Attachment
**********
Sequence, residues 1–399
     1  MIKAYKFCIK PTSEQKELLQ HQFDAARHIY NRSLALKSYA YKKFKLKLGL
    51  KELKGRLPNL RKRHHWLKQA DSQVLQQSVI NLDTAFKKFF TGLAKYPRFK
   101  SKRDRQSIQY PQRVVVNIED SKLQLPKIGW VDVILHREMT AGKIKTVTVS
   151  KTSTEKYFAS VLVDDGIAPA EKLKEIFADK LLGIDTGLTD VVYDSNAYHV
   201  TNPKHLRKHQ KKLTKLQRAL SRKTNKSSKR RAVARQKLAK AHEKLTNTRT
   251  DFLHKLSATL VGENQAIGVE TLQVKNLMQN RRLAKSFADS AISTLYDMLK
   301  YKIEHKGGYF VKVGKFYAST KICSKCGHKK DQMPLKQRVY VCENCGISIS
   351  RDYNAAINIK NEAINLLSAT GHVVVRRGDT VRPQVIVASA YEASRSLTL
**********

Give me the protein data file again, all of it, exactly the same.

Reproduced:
Sequence, residues 1–399
     1  MIKAYKFCIK PTSEQKELLQ HQFDAARHIY NRSLALKSYA YKKFKLKLGL
    51  KELKGRLPNL RKRHHWLKQA DSQVLQQSVI NLDTAFKKFF TGLAKYPRFK
   101  SKRDRQSIQY PQRVVVNIED SKLQLPKIGW VDVILHREMT AGKIKTVTVS
   151  KTSTEKYFAS VLVDDGIAPA EKLKEIFADK LLGIDTGLTD VVYDSNAYHV
   201  TNPKHLRKHQ KKLTKLQRAL SRKTNKSSKR RAVARQKLAK AHEKLTNTRT
   251  DFLHKLSATL VGENQAIGVE TLQVKNLMQN RRLAKSFADS AISTLYDMLK
   301  YKIEHKGGYF VKVGKFYAST KICSKCGHKK DQMPLKQRVY VCENCGISIS
   351  RDYNAAINIK NEAINLLSAT GHVVVRRGDT VRPQVIVASA YEASRSLTL